Anatomical small-animal magnetic resonance imaging (MRI) was used to investigate the effects of alcohol on the volume of DH, IC, ventral and dorsal striatum, amygdala, and cerebellum in animals with NSM hypoactivity. Alcohol drinking was established in naïve female Fro and WT mice (n = 7/8/group) using a two-bottle free-choice drinking paradigm. After 12 days drinking of 16 vol.% alcohol, animals were exposed to MRI. Using CT, bone density was determined in various osseous structures by assessing the Hounsfield Units of the respective bone (Supplementary Methods).
Oxidative stress measurements
The effects of alcohol on the oxidative stress in the brain was evaluated in female fro and WT mice (n = 7/8/group). Alcohol drinking was established in naïve animals using a two-bottle free-choice drinking paradigm . After 12 days drinking of 16 vol.% alcohol, animals were sacrificed and the brains were isolated. Superoxide dismutase and catalase activity were measured [73, 74] (Supplementary Methods).
Electron microscopy of hippocampus slices
The effects of alcohol on the morphology of hippocampal synapses were evaluated in female fro and WT mice (n = 3/group). Alcohol drinking was established in naïve animals using a two-bottle free-choice drinking paradigm. After 12 days drinking of 16 vol.% alcohol, fro mice and WT littermates were intracardially perfused with PBS and glutaraldehyde. Serial ultrathin sections of the CA1 region were collected and examined with a transmission electron microscope (Supplementary Methods).
Neurogenesis measurement in mice
The effects of alcohol on neurogenesis in the hippocampus was evaluated in female fro and WT mice (n = 4/group). Alcohol drinking was established in naïve animals using a two-bottle free-choice drinking paradigm. After 12 days drinking of 16 vol.% alcohol, animals were intracardially perfused with PBS and fixative and the brains were isolated. Stage-specific marker expression of Nestin, MCM2, and DCX were assessed in the coronal sections containing medial dentate gyrus (Supplementary Methods).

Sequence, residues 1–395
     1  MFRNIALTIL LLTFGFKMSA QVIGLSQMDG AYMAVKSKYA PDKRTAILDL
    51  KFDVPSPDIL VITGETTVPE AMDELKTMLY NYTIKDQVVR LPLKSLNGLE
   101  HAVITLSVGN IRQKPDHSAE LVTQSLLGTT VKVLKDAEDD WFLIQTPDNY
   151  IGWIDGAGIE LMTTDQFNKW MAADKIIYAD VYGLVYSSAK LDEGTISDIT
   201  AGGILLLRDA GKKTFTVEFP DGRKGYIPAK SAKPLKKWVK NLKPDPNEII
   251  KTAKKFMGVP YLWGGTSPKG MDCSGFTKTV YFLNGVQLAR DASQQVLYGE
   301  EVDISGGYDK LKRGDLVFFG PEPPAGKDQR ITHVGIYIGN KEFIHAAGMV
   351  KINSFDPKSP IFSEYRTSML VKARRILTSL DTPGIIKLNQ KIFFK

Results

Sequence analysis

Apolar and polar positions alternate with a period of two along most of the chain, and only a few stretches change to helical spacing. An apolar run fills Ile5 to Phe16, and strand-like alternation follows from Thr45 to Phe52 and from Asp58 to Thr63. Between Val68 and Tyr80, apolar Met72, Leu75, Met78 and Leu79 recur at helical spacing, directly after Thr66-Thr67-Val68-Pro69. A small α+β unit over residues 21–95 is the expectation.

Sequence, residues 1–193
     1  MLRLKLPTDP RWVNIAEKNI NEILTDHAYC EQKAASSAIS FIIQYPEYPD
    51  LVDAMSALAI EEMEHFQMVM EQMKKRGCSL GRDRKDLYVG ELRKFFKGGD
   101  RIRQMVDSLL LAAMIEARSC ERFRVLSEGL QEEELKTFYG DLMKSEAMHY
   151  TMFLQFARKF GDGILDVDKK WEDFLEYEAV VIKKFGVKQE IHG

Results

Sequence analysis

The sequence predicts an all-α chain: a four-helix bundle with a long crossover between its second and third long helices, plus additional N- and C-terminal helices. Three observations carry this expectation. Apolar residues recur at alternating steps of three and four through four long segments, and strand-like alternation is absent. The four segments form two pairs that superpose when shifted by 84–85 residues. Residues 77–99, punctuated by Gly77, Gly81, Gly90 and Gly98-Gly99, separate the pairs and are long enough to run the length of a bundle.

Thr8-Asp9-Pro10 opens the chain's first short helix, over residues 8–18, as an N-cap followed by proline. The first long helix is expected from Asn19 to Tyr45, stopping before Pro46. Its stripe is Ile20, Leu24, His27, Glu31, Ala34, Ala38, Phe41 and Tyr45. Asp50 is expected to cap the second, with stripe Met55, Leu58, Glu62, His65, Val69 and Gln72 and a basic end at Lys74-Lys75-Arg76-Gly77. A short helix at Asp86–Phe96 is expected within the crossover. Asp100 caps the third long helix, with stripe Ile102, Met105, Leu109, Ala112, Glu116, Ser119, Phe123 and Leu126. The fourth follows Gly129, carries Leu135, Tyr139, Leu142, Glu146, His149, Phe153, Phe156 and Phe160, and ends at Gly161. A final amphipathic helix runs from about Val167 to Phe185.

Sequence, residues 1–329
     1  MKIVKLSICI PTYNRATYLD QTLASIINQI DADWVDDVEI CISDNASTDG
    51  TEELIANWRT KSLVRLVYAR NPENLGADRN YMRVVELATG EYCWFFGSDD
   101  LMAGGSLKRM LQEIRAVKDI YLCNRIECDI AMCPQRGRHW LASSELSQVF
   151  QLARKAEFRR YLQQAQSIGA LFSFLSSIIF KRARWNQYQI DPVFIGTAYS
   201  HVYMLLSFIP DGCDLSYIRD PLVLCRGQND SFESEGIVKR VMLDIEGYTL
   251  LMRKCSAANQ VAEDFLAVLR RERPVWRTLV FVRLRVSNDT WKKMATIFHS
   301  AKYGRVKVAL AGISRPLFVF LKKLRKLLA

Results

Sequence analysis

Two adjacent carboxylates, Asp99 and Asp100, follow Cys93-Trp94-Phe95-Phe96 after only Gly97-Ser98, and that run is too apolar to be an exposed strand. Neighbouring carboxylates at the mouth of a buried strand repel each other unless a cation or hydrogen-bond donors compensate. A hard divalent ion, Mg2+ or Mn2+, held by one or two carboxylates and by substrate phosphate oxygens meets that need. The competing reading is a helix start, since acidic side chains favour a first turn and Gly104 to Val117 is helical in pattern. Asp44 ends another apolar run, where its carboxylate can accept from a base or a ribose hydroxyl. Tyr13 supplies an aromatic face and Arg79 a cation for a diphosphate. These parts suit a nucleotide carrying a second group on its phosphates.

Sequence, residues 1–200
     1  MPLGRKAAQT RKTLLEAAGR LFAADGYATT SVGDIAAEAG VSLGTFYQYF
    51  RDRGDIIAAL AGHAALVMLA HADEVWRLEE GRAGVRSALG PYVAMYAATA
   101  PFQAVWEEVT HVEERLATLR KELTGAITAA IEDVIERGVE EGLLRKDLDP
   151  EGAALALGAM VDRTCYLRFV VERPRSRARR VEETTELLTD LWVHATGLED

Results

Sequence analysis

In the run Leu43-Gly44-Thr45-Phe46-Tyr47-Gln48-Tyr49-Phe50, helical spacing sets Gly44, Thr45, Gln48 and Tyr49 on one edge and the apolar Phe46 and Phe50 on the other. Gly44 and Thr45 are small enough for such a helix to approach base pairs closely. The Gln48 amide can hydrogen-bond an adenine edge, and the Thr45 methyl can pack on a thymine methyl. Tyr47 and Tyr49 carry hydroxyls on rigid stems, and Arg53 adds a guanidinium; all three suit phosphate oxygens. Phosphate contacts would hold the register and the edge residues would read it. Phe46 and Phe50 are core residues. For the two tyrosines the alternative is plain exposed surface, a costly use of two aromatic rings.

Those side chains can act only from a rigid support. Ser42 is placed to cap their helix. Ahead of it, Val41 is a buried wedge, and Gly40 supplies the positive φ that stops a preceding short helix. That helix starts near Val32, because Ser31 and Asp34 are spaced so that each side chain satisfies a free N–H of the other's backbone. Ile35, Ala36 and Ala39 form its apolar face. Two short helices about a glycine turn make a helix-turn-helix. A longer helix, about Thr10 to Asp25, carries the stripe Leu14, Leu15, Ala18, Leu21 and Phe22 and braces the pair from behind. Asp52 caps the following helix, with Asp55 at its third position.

In vivo microdialysis in mice
The experiment was performed on naïve female fro and WT mice (n = 7–10/group). Two guide cannulas were aimed at the DH and the Nac [14, 32, 75]. First three miocrodialysis samples were used to measure baseline quantities of the neurotransmitters DA and 5-HT . After 1 h, three samples were collected as a baseline for the alcohol stimulus followed by an i.p. injection of alcohol, and further six samples were collected. Once the microdialysis was completed, animals were sacrificed, brains isolated, and the localisation of the probes was verified. All samples were analyzed using HPLC with electrochemical detection [32, 71] (Supplementary Methods).
Monoamine receptor mRNA expression in the mouse brain
Alcohol drinking was established in naïve female fro and WT mice using a two-bottle free-choice drinking paradigm. After 12 days drinking of 16 vol.% alcohol, animals were sacrificed and ventral striatum was isolated. Total RNA was isolated and quantitative real-time PCR was performed (Supplementary Methods).
Serotonin uptake in mouse brain synaptosomal preparations